Pope Francis urged Latin American and Caribbean Catholics to celebrate and defend their diversity, saying Tuesday the face of the Catholic Church is indigenous, mestizo and black.

Francis celebrated a special Mass to celebrate the feast of the Virgin of Guadalupe, the dark-skinned virgin who appeared to an Indian peasant in the 1500s and is particularly important to Latin American Catholics, the Argentine pope included.

Locally, members from different Catholic parishes gathered to honor Our Lady of Guadalupe at observances around the Valley.

Diocese of Brownsville Bishop Daniel Flores said among Catholics — especially here in the Rio Grande Valley — the faith in the Lady of Guadalupe is very strong.

“It’s a celebration of the appearance of Our Lady in 1531 to San Juan Diego, which she announced that she was the Mother of God who was visiting the New World and that she wanted her children to be compassionate and reconciled,” Flores said.

At a celebration in Brownsville, people dressed up in colorful costumes and danced in front of Our Lady of Guadalupe statues while others rode horses carrying portraits of her image.

“(The dancing) goes back to the Indians, the indigenas. That’s what they did for her many many many years ago in Mexico City, where the virgen appeared to Juan Diego,” said Mike Maza, a member of Our Lady of Guadalupe Church in Brownsville. “The virgen appeared up on a hill, where the basilica is and so when the virgen appeared to him, Juan Diego, all of those people that lived with the Indians came up to the hill. And now what they do is they celebrate that every year.”

Many people also refer to Dec. 12 as Our Lady of Guadalupe’s birthday.

“It’s not the day she was born, but it’s the day when you celebrate the fact that she came and visited Juan Diego, who is a very humble man, and she gave him a mission to go out and announce the Gospel,” Flores said. “So that’s kind of the heart of her ‘birth amongst us,’ so to speak.”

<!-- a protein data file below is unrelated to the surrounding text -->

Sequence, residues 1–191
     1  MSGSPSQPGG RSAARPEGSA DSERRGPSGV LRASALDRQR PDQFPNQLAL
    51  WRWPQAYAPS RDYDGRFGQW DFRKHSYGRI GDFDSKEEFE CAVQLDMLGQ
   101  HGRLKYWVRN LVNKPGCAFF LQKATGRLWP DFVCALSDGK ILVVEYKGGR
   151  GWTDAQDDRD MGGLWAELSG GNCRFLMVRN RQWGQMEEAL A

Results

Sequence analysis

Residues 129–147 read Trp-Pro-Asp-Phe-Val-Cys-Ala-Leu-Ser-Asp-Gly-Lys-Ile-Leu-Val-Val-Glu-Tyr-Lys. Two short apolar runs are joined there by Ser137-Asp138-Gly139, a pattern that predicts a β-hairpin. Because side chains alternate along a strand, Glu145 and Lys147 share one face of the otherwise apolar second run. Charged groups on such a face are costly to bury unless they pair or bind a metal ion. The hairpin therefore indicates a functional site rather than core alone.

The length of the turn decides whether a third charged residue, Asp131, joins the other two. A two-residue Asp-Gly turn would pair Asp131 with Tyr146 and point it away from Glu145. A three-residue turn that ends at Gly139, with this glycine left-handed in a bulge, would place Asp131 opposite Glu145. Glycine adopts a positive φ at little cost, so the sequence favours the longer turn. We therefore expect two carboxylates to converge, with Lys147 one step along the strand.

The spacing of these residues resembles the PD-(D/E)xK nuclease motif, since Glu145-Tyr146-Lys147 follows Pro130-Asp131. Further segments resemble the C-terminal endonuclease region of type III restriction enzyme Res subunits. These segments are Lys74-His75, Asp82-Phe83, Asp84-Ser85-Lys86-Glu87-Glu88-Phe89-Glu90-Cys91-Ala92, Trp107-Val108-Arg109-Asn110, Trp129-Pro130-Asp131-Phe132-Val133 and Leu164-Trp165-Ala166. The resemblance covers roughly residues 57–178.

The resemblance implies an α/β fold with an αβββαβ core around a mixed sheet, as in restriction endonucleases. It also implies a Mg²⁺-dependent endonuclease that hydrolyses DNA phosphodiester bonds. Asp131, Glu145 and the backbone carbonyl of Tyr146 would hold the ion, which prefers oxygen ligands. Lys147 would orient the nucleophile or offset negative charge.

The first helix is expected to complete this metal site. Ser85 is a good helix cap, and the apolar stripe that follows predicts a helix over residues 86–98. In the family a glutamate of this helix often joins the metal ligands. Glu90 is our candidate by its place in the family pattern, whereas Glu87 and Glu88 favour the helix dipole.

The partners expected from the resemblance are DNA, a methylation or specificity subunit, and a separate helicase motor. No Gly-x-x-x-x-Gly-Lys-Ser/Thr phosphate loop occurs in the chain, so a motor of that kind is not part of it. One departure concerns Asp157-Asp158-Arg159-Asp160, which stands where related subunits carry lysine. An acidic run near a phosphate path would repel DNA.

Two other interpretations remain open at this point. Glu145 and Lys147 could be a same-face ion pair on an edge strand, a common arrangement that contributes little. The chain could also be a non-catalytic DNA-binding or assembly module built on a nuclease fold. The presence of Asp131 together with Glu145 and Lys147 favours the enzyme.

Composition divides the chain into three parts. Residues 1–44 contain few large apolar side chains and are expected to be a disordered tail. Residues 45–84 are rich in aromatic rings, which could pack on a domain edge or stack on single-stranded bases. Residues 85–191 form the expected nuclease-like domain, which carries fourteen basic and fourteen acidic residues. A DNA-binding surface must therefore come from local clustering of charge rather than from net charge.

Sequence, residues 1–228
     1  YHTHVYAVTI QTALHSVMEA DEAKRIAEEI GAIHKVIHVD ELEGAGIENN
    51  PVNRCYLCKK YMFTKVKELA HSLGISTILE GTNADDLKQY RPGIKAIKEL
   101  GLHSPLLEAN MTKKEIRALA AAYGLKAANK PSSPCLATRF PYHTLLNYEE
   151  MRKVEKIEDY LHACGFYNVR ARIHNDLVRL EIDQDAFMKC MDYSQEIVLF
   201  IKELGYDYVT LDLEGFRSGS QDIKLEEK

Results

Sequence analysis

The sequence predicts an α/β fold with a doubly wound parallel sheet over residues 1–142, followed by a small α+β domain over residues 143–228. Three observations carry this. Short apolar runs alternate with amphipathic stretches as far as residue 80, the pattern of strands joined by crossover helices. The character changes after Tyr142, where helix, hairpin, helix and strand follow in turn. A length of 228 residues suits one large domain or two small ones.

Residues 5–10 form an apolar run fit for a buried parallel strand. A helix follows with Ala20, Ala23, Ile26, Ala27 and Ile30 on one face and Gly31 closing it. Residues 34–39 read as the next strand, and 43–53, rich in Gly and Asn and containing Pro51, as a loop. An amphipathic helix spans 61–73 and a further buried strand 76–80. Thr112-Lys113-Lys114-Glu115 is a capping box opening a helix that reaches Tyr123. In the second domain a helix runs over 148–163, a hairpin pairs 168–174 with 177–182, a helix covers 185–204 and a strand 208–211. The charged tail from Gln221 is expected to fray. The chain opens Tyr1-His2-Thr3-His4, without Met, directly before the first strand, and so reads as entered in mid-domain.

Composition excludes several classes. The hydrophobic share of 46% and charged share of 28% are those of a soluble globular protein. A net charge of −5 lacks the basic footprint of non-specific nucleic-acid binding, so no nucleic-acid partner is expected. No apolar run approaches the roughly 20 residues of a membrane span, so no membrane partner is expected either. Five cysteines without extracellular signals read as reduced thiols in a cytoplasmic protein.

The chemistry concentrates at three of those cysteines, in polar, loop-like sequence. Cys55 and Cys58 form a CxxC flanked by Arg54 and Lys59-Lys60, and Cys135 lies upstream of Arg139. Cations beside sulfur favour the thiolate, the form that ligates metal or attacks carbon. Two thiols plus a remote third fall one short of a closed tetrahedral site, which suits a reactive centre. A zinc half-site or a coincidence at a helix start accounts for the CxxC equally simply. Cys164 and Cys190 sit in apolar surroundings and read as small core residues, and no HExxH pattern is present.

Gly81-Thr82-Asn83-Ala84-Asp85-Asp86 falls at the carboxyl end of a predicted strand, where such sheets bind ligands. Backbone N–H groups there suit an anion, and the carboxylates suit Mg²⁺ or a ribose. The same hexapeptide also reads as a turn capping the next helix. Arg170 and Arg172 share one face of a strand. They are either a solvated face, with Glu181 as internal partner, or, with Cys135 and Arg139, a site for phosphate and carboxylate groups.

In his homily, Francis said indigenous peoples, women, peasants, migrants and the unemployed often aren’t treated with the dignity they deserve. He urged the region’s faithful to not only cultivate their diverse cultures but “valiantly defend them” against homogenization.

“Our fertility compels us to defend our people against an ideological colonization that cancels out the richest of them, be they indigenous, Afro-American, mestizo, peasant or suburban,” he said, speaking in his native Spanish.

“We want to learn to be a church with a mestizo, indigenous, Afro-American face,” he said. “A face that is poor, unemployed, of children, old and young so that no one feels sterile or shameful or worthless.”

The first pope from the Americas has continued a tradition started by Pope Benedict XVI to celebrate a special Mass for the Guadalupe feast day, recognizing that Latin America has accounted for about 40 percent of the world’s Catholics and that Mexico (and Brazil) remain the countries with the most Catholics.

The most memorable Guadalupe Mass was the Francis’ 2014 edition, which featured the “Misa Criolla” folk Mass with hymns composed by Argentina’s Ariel Ramirez. Tuesday’s Mass was a more traditional affair, although Francis — who usually doesn’t sing — mouthed the words to the final “La Guadalupana” hymn.

Reporting by The Brownsville Herald and The Associated Press.